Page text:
A slice of afterlife story.
“Wake up, Lowell,” the voice was just a whisper, but insistent.
“Lowell! Put down that comic book and get dressed! The bus will be here in ten minutes.”
8-year-old Lowell sighed. He surreptitiously placed Batman in his book bag and pulled on his socks and shoes. He grabbed the bacon sandwich that his mother held out and ran for the open bus door. His unzipped coat flapped in the wind. A hastily tied shoelace came undone and he barely avoided falling as he stumbled up the bus stairs. He dropped into his seat with a thump as the long-suffering driver slammed the bus into gear and pulled away.
“Wake up, Lowell,” the voice barely registered in the noisy classroom.
“Earth to Lowell! Come in Lowell!” Mr. Hanratty called out.
The civics teacher thought he was hilarious, but only the class suck-ups ever laughed at his supposed wit.
“Seriously Lowell, pay attention. This Civil Defense drill just might save your life someday.”
Lowell had seen pictures from Hiroshima and didn’t think that hiding under a school desk would make any real difference to an atom bomb. Even a high-school senior with a B- grade average could see that. He was much more concerned with the draft lottery coming up next July. What would he do if he drew a low number? Eddie’s big brother had come home from ‘Nam in a flag-draped coffin.
“Wake up, Lowell,” The voice urged, its whispering tone almost familiar.
“Come on man, we gotta get going. The wedding is in three hours and you really need a shower, dude.”
Lowell groaned and slowly sat up. His head was splitting and there was an old sock in his mouth that turned out to be his tongue. It had been a bad idea to let Eddie throw an impromptu stag party the night before the wedding. But the real mistake was doing all those shots with the groomsmen.
“Wake up, Lowell,” That same soft voice, almost like a comforting friend.
“Dad, Dad, you have a grandson!” Eric shook Lowell from his doze in the maternity ward waiting area.
“He’s 8 lbs 12 oz and Lucy is doing great and everything went perfect and they’re bringing him to the nursery now and come look Dad!” Eric was almost babbling, overcome with joy and exhaustion.
Lowell rose quickly and followed, eager to greet the next generation. This was the payoff, the reason for working hard and sticking it out, grinding away for more than 30 years.
“Wake up, Lowell,” The whispery voice blended into the thin, December wind.
“Come away, Lowell. It’s cold and the reception is starting,” Sarah put her hand on Lowell’s arm and gently urged him from the open grave. Her lined face was streaked with tears, but somehow, she was the stronger one today.
“Meghan had a good life, Lowell. She made a difference. She knew you were proud of her, how much you loved her.”
Meghan had taken all the precautions; she’d masked up and worn gloves while working long hours in the Covid ward. She’d insisted that her middle-aged parents isolate at home. Lowell and Sarah hadn’t hugged her or even seen her in person for months. Then, in one of life’s bitter ironies, she’d contracted a severe case of the virus just days before the vaccine became available.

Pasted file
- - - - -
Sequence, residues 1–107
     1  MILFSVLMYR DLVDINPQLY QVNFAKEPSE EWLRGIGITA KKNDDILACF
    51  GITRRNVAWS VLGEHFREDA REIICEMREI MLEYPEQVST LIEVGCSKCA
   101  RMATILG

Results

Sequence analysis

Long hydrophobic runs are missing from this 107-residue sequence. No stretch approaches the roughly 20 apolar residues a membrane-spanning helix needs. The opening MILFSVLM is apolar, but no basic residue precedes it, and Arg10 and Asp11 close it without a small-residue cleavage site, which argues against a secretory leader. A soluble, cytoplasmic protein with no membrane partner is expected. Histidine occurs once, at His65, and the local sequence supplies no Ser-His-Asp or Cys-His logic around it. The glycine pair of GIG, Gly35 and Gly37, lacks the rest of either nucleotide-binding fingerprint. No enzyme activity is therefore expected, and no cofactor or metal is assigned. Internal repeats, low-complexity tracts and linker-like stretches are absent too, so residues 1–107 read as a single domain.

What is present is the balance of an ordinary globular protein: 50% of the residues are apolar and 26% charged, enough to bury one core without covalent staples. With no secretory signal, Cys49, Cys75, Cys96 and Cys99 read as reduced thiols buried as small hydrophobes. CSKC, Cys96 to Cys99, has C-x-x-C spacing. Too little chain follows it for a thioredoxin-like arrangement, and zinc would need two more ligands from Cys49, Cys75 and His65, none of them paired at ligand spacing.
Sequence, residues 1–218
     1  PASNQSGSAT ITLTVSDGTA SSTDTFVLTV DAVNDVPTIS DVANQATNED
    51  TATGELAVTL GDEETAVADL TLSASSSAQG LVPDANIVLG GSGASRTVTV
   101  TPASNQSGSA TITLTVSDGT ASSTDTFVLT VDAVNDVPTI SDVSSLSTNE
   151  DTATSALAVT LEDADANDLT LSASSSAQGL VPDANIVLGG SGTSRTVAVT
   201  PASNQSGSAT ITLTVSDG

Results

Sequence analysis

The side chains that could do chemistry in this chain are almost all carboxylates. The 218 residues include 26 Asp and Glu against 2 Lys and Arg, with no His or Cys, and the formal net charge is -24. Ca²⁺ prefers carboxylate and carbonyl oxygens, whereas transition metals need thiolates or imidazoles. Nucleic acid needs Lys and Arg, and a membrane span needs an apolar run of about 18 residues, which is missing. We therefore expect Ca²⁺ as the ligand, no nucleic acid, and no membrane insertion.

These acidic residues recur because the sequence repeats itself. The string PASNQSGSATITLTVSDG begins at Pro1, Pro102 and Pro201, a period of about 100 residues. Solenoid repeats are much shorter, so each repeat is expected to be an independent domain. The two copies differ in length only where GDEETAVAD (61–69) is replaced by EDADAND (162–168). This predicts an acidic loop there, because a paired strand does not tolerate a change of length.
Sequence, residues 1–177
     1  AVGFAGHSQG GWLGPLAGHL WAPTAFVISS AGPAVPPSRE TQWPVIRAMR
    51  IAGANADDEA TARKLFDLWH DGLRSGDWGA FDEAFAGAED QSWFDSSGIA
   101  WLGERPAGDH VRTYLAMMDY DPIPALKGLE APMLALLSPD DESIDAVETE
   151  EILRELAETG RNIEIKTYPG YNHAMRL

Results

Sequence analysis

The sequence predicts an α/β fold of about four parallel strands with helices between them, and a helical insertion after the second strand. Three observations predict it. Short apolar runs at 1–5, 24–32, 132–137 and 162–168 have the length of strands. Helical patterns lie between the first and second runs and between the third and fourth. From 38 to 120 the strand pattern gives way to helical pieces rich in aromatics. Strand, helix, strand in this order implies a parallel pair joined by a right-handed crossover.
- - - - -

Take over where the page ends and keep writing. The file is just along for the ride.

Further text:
“No one should have to bury their child,” Lowell sobbed, the words catching in his throat.
“Wake up, Lowell,” The voice was still a whisper, but it was growing more urgent.
“I’m sorry Mrs. Endicott, it was a massive stroke and there just wasn’t anything we could do,” the doctor said sympathetically. “Would you like to speak with our chaplain? Or I can refer you to a grief counselor?”
“No, thank you, that won’t be necessary. I’d just like to be alone with Lowell for a while.”
“Of course, take all the time you need. Just let the nurse know when you’re ready to go.”
Lowell wanted desperately to reach out and comfort Sarah as she’d comforted him, but everything went dark and it was time to move on.
“Wake up, Lowell,”
Lowell opened his eyes to a dimly lit room. Pale beams of light played over his body like miniature searchlights. He was half-reclined on a comfortable chair reminiscent of a Dentist’s office. To his left was an indistinct figure working at some kind of computer console. Lowell felt alarmed, but remained still. Somehow, he just didn’t feel like moving.
“Who are you? What’s going on?” Lowell asked cautiously. He felt disoriented, with no idea of where he was or how he’d gotten there.
“I am the Curator,” the figure replied without looking up. “My function is to record and catalogue.”
“Record and catalog what?” Lowell asked with confusion.
“Current subject Lowell Endicott,” the Curator answered. “87.35 cycles. Recording completed.”
Lowell realized that the Curator was speaking without breathing, and there was also something a bit disturbing about the Curator’s face. It was too smooth, too evenly toned, and the lips didn’t move naturally when speaking. Lowell had a sudden flashback to an electronics show that he’d attended with his grandson. One of the Japanese companies had displayed a very life-like robot that looked real at first glance, but grew creepy on closer examination. He had that same feeling now.
“Are you a robot? Or an alien? My God, am I being probed? What’s happening here?”
“Cataloging completed. Uploading data now.”
Lowell suddenly wondered if this was a version of the ‘white light’. But why would God need a robot? He’d have angels with harp music playing from clouds in the background, right?
“Are you St. Peter?”
“Function complete,” the Curator said and stopped. It didn’t shut its eyes or even close its mouth. It just stopped, motionless, staring blankly at Lowell.
“Please, don’t leave me alone! Tell me what’s going on, why am I here? What happens next?”
“Wake up, Lowell.”
Author's note: ▼